20 July 2019 11:57 PM


Badri Raina | 10 MARCH, 2015

India’s Daughter: The Long Indian Male Carpet

Year: 1974; place: Madison, Wisconsin; time: 1.00 A.M.

I return from the library and turn on one of my favourite shows on American television—the Tom Snyder talk show, which features a daily interview with one or the other “remarkable” individual Subject.

This night Snyder’s human quarry is a hooded man who happens to have been a killer for the mafia with, self-confessedly, forty two kills to his name.

I wait with some trepidation to see and hear what sort of question Snyder might ask of this anonymous man, face hidden to the audience.

Only to find that Snyder does not get or wish to get beyond that one question which he asks repeatedly with visible consternation: “do you never consider the enormity of the crimes you have committed?”

And, each time he receives the same answer, proferred in an impenetrable composure of mind and self-belief: “look here, man, I am no criminal; I am a pro like you are; a man of skill who varies his techniques to suit the specific requirements of each individual case.”

As far as I recall, the show was not proscribed; nor did any media outlet make the argument that this sort of thing would lead to a proliferation of copy cat impulses among young Americans, although there might have been citizens who felt that freedom of expression may not be allowed to touch extremes where so hardened an assassin was given a platform to gloat at his uniquely achieved prowess. If there were, I do not know.

What it lead to, interestingly, was a fairly illuminating debate among groups of people about the human consequences of the notion of division of labour and of the value put on “expertise” by a Capitalist order of things. Indeed, comparisons were made between the mafia killer and similar snipers and sharpshooters who work as “special assets” for the state in times of warfare or conflict—a telling inference, you might agree, of how horrific deeds may be either lent or denied legitimacy.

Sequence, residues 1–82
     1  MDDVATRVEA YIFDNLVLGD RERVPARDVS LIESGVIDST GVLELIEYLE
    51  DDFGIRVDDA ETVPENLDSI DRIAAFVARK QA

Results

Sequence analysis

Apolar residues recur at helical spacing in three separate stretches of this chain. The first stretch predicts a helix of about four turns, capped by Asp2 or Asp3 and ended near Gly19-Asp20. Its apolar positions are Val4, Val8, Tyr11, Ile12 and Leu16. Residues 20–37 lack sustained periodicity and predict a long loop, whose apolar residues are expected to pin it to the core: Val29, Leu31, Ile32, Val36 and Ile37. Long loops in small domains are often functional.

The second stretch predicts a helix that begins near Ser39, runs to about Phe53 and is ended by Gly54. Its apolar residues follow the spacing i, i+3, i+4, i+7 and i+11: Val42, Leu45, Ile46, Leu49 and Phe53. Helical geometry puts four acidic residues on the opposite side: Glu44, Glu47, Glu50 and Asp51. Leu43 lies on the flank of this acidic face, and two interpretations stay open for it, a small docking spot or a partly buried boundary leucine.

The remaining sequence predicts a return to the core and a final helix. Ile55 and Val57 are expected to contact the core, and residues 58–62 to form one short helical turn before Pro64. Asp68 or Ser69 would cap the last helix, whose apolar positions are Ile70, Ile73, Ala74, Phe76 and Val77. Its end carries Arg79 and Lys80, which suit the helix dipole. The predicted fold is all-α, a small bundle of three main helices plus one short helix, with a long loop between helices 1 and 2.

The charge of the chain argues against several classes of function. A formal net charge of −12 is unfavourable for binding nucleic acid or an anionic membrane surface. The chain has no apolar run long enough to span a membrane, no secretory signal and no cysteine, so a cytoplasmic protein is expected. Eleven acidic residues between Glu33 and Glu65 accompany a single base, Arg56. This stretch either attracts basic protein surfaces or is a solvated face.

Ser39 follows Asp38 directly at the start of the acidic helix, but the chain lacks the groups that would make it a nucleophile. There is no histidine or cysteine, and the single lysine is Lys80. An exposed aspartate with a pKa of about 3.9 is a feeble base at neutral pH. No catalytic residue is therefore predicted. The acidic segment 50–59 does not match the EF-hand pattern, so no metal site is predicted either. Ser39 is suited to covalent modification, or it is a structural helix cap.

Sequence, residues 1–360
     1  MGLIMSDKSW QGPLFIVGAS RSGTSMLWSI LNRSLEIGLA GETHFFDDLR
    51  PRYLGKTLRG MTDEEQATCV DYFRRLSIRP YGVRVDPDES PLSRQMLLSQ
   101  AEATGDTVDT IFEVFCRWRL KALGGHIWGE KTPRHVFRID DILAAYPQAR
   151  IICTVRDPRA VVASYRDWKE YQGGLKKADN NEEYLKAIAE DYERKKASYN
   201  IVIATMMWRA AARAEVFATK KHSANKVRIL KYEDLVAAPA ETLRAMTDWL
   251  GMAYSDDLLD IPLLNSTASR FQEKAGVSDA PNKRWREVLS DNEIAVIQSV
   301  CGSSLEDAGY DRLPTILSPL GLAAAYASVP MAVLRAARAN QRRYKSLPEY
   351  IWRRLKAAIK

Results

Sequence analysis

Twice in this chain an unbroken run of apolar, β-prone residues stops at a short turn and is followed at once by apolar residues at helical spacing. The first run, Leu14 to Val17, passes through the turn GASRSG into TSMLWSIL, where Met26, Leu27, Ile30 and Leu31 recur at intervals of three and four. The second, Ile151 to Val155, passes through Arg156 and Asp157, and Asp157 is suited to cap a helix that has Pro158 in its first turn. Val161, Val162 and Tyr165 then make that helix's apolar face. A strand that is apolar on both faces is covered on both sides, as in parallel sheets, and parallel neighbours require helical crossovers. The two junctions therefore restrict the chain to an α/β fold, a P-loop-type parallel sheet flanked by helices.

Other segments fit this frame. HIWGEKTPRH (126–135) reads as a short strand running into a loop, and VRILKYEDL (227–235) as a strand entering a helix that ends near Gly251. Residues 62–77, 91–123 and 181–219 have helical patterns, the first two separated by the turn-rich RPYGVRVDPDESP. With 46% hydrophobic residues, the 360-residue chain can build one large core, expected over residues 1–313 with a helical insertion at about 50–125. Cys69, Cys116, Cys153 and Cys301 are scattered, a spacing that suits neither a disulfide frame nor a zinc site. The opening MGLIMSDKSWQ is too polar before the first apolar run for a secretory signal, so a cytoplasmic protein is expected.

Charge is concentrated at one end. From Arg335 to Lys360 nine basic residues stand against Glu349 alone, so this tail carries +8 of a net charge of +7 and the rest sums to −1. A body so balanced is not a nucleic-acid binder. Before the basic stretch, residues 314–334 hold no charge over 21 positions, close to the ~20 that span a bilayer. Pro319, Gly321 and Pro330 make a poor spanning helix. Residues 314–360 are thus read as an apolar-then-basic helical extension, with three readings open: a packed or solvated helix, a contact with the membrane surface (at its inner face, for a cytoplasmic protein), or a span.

Most telling was the realization that what the mafia killer was trying to underscore was that, far from being some outré monster, he was a conformist to a system which prized skill over general maudlin ideas of morality—one who was proud of doing his work with an efficiency and competence matching that of any celebrated television host/anchor.

Are there similar lessons to be learnt from the case of our own rapist and murderer, Mukesh Singh, the subject of the now banned B.B.C documentary, India’s Daughter? I rather think so.

Because what was this monster of a criminal actually saying to the documentary maker? That, far from being guilty, he in fact represented the socially endorsed impulse to correct women who step outside the bounds set for them by a morally anxious patriarchy. The young woman whom he raped and tortured to a gruesome death, along with equally monstrous peers, was in fact, the guilty party, daring like so many Indian women these days who care not a farthing for “tradition” or “propriety” (read well-established dominant male opinion backed by religious and customary sanction, also male in authorship) and, through their defiant conduct (read independence of movement and choice) threaten time-honoured edifices of social and moral “stability” (read the self-assumed prerogative of the male Indian to organize, justify or not justify, the time, space, and life of the female of the species).

But, as in the case of the American quarry, the Indian rapist/murderer was saying that he in fact represents the dominant male Indian opinion and, indeed, struck a blow on its behalf. No more instant proof of this than the fact that the lawyer representing him should have proudly and insistently endorsed his client’s worldview. Mukesh Singh was saying, in fact, that in doing what he did he translated into action what most Indian men might want done. In earlier times, Nathu Ram Godse felt similarly: that what he did (assassinate Gandhi) was in conformity with the general feeling among “Hindus” about Gandhi and the damage the latter was allegedly doing to their cause, and by inference, to the nation at large in denying its essentially “Hindu” content and character. Mukesh Singh was saying, like the American killer, that he was a conformist in doing what he did—a belief bolstered with self-esteem rather than shamed by self-denigration, not to speak of remorse.